The National Trial Lawyers AIOCLA 2015 10 Best NAFDD 2nd Consecutive Year DUI Attorney


Category Archives: Theft Crimes

Question: ”My 20-year-old friend robbed three people at gunpoint (no bullets inside the gun) and only stole their cellphones. This was not gang related, and there were no injuries. What is the minimum and maximum charge he is looking at?”

Answer:  This is considered a robbery with an enhancement for use of a firearm, a very serious crime with a long prison commitment attached to it. Your friend is likely looking at 12 years, minimum. 2 years for the robbery and 10 years for the gun. The fact that the gun may not have been loaded is irrelevant. This is a very serious crime, that requires immediate counsel. Hire an attorney as soon as possible.

Question: ”I was accused of shoplifting, and am awaiting trial. I am also in the process of applying for jobs. I have been responding on application as ‘never convicted of a crime.’ Will the pending case show on an employment background check?”

Answer: It will be visible, though only as an arrest. Whether or not it must be disclosed depends on the employment opportunity, as some ask for convictions and pending cases that you may have. With respect to your options, it’s likely that you will have to take the case to trial, as, for whatever reason, you are finding no success negotiating a resolution.

Question: ”I was held at a store and accused of shoplifting. I left my information and was allowed to leave. Can I be arrested at a later date? Will I receive a letter to appear in court? Might they have a warrant out for my arrest?”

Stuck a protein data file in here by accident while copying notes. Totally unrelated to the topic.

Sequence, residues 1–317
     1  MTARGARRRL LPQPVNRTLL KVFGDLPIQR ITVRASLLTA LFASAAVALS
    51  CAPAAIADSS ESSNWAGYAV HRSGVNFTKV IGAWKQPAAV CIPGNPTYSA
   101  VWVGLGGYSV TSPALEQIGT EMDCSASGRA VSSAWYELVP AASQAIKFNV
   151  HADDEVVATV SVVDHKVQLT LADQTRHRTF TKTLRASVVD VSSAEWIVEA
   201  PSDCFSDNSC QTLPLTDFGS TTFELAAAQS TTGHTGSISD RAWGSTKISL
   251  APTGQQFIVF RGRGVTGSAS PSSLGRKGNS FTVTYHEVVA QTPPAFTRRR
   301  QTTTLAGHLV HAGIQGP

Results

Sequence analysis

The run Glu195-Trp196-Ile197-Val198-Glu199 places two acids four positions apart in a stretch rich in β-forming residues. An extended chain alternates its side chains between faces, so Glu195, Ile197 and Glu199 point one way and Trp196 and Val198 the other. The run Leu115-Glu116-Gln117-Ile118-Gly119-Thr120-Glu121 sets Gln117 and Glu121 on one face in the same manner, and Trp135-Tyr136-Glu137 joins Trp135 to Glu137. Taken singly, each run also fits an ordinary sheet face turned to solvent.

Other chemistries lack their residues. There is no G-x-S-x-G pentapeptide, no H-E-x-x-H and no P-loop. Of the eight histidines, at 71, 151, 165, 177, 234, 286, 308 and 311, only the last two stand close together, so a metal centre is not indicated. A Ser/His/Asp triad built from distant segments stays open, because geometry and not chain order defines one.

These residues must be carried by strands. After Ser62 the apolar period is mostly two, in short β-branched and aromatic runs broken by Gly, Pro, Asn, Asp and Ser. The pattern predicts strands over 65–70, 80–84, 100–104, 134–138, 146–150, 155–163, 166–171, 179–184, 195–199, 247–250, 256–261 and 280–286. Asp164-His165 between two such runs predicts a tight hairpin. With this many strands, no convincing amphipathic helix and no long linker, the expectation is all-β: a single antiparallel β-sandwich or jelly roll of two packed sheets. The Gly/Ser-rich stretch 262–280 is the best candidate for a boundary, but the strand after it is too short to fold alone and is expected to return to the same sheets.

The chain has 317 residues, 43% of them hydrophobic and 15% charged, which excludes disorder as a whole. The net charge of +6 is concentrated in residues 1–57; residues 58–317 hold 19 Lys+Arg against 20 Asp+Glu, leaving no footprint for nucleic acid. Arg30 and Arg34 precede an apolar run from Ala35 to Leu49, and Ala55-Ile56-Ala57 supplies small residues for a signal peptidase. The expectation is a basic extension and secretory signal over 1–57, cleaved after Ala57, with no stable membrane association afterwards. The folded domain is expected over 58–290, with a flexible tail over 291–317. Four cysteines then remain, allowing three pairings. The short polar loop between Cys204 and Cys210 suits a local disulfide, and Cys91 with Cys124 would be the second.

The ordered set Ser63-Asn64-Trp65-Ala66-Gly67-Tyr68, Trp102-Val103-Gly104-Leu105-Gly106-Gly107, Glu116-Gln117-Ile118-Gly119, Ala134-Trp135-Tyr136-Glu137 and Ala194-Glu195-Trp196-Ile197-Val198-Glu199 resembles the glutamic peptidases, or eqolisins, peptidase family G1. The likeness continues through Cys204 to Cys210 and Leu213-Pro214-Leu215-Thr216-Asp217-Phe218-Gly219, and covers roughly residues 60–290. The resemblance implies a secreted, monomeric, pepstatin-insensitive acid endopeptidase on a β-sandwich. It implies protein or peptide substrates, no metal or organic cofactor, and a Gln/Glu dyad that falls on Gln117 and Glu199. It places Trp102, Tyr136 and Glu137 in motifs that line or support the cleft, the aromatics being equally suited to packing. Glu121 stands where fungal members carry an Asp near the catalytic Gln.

Answer: Yes, you can still be prosecuted. However, absent a warrant for failing to appear in court, it’s unlikely that law enforcement would come out and arrest you, as the case would not likely go forward by arrest warrant. With respect to the next portion of your question, it’s difficult to pinpoint a specific timeframe within which you’d receive a notice to appear. It’s unlikely that the case would proceed by arrest warrant, though that’s not because it wouldn’t “qualify,” but rather because it would simply be more likely that you’d receive a notice. If, however, you failed to appear at a court appearance a bench warrant would issue for you. You can contact the city attorney’s office to inquire whether a case has been filed or whether a warrant exists.

Question: “I was caught shoplifting. They took my information, and told me I would get a letter in the mail within 2-4 weeks, and that I would have to pay a fine between $50-$500. They said if I don’t pay the fine, they will involve the court and it will go on my record. How long will it take for the letter to come in the mail? Once the fine is paid, does the incident close?”

Answer: Nothing will go on your record unless you are arrested and/or convicted. However, unfortunately, being told that this will end with a payment of a fine is not necessarily true. In my experience, I have had clients contact me for charges filed against them while they were making the arranged payments. What you are likely to receive is a letter from an attorney who handles their loss prevention recovery, which will include both the cost of the merchandise, as well as the attorney’s fees for obtaining the recovery from you. While you’ve likely made a statement already, I’d suggest you contact an attorney who can negotiate on your behalf, and further, if charges are ultimately filed against you, may be able to arrange a civil compromise whereby the store agrees not to prosecute upon paying the costs, if any, of the merchandise taken or damaged.